Dear Fourth-Year Dental Student,
Congratulations on reaching the cusp—or should we say bicuspid, ha ha—of your Doctorate of Dental Surgery. In this, your final semester before graduation, we will cover several advanced topics in endodontics combined with the selection, upkeep, and disposal of the countless tropical fish that are soon to become a soothing attraction and massive headache in your new dental office.
These last classes will prepare you for numerous real-world dental pathologies alongside the frustrating challenge of maintaining a 290-gallon saltwater aquarium stocked with random sea life by your future overworked office manager.
Some highlights of the curriculum include:
From Enamel to Anemone: This class surveys the latest techniques in tooth and aquarium repair and resurfacing, with the goal of preventing a build-up of harmful bacterial deposits beneath the gravel or gums, creating a healthy environment for oral tissue and invertebrates to thrive.
Group Grouper Insurance: You will gain an understanding of the U.S. insurance system and learn how to select the right provider networks for your practice, as well as review various “fin-surance” plans that can indemnify your office against the high cost of replacing dying Epinephelus, which it turns out should never be in a tank with anemones.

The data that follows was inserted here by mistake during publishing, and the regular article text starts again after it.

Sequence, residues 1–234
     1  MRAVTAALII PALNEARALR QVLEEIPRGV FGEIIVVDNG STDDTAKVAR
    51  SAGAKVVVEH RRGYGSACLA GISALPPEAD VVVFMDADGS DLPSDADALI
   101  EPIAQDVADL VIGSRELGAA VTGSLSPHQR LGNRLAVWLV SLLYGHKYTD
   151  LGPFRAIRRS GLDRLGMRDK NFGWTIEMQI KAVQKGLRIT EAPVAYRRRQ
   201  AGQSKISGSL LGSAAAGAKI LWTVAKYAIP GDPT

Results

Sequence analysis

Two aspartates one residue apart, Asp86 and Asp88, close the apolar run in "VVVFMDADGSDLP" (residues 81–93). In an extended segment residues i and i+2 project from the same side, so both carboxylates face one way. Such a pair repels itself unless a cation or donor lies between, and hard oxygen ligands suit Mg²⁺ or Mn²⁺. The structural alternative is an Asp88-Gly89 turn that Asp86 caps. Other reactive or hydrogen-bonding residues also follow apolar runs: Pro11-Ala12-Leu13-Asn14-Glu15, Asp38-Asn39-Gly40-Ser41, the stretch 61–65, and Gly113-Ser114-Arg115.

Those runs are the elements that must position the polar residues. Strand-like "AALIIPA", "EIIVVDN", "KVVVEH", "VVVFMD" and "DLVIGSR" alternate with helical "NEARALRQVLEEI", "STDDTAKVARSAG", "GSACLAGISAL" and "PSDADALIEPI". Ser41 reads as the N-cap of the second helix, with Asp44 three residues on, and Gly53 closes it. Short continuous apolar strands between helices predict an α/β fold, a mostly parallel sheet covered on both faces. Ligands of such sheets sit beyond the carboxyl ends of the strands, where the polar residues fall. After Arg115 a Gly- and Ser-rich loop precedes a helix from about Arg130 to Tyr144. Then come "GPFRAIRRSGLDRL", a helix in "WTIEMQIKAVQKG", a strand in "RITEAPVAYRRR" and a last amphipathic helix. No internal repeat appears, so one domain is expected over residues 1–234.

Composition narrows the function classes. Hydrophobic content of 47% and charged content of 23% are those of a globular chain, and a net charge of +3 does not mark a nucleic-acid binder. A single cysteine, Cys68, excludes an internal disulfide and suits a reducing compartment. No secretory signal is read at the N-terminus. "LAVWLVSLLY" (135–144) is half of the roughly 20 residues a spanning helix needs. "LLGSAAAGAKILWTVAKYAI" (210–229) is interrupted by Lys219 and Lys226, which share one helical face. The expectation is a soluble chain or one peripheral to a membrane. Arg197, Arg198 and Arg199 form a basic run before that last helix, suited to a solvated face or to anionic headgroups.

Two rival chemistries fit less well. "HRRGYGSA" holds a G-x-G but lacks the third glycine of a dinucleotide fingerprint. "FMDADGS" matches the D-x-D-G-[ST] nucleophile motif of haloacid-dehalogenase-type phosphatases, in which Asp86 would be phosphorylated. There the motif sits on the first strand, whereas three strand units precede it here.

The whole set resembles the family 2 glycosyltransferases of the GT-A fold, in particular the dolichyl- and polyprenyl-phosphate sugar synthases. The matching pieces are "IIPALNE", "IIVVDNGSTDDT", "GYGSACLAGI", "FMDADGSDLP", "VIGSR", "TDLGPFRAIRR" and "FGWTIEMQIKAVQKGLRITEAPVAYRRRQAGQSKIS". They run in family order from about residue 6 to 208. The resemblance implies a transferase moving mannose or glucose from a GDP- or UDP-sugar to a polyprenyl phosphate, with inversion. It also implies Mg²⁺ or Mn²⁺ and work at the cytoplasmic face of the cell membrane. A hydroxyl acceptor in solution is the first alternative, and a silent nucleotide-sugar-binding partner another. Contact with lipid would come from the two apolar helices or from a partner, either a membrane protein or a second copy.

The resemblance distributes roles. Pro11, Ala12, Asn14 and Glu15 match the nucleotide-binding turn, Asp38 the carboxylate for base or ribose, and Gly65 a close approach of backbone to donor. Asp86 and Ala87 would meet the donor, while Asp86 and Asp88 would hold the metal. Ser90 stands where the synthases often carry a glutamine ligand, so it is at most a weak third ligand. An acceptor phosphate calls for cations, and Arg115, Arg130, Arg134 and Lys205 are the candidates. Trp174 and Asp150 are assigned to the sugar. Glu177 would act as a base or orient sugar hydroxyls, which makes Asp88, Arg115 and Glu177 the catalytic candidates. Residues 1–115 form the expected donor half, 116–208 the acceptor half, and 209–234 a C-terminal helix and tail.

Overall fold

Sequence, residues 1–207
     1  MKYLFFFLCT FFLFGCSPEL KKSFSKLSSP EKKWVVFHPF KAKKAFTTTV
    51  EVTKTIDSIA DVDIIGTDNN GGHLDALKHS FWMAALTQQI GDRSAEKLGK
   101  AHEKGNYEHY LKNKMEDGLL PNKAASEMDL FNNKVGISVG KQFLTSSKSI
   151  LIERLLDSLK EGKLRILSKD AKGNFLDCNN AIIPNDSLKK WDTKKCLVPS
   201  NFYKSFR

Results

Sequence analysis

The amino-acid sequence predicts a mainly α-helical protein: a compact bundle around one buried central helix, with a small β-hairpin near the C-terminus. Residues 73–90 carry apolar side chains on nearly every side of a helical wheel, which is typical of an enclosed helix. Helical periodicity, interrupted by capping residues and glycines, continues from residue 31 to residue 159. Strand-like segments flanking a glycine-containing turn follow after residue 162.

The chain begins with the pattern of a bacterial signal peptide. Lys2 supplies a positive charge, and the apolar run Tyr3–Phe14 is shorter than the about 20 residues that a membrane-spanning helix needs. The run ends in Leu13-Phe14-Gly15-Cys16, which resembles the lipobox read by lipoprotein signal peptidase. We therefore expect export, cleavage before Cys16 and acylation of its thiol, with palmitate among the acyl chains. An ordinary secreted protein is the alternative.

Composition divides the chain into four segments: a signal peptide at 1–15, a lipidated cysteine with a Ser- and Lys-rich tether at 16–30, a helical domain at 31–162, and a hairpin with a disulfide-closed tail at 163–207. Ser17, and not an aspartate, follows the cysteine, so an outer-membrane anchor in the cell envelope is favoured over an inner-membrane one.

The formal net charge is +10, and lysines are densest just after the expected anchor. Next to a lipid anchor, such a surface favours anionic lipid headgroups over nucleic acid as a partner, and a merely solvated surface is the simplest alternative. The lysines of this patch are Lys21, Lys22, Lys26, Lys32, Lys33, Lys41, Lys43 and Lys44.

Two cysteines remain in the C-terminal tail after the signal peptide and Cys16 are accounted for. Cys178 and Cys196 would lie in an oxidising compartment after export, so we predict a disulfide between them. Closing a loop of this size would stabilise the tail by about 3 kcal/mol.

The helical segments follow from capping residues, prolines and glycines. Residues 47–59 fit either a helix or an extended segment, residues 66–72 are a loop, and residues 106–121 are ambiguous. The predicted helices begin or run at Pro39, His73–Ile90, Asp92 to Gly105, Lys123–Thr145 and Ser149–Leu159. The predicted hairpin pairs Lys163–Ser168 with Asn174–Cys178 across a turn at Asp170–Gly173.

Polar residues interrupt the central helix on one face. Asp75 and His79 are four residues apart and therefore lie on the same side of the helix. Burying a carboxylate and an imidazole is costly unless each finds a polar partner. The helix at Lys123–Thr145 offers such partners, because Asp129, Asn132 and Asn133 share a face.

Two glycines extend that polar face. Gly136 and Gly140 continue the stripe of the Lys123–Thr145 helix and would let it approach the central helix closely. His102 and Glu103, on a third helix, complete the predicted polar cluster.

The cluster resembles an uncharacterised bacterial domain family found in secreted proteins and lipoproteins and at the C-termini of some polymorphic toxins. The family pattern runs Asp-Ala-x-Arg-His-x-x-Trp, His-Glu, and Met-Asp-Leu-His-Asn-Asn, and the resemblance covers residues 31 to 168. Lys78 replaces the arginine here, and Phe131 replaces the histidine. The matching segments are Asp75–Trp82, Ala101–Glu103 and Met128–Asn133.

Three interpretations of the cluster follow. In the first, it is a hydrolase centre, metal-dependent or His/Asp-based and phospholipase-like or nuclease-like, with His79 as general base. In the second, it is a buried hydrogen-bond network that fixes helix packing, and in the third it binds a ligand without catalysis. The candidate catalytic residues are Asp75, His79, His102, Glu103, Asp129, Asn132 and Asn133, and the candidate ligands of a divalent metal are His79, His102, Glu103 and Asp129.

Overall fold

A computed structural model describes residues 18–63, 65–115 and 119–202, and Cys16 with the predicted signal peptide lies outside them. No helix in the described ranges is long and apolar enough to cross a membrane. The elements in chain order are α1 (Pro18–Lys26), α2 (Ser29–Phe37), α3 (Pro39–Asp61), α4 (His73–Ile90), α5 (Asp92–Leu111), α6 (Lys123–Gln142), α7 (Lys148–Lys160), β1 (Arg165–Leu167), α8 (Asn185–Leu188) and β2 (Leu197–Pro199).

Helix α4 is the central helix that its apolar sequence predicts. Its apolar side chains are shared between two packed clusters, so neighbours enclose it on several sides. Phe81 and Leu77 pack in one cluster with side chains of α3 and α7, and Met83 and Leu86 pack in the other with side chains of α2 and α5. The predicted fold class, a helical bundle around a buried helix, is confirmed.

Advanced Anatomy: This is a deep dive (no pun intended) into key dental and piscine anatomical structures, including the crown, neck, pelvic fin, cavities (both pulp and anal), periodontal membrane, caudal peduncle, jaw bone, and jaw bone.
Special Topics in Cleaning: A hands-on laboratory that covers periodontal and aquarial hygiene, with an emphasis on removing scale and scales. Also included are post-cleaning care techniques, such as rinsing with salt water to mitigate puffy gums or gummy pufferfish.
Nutrition: It has been shown that excessive consumption of soda, squid meal, candy, earthworms, caramel, shrimp byproducts, and refined starches can lead to pathological tooth or Patagonian Toothfish decay. This lecture helps to discourage improper feeding that may lead to stress, surface pitting, fin rot, discolored distal surfaces, and gills, or even the need for full removal from the tank or mouth.
We hope these final courses give you the confidence to handle any periodontal emergency and prepare you for the weekly catastrophes that will soon befall the saltwater aquarium dominating an entire wall of your future office waiting room.
P.S. The financial aid department will be in touch shortly with details about your student loan payoff schedule, as well as offering several affordable packages to finance your new aquarium over a period of 10-15 years.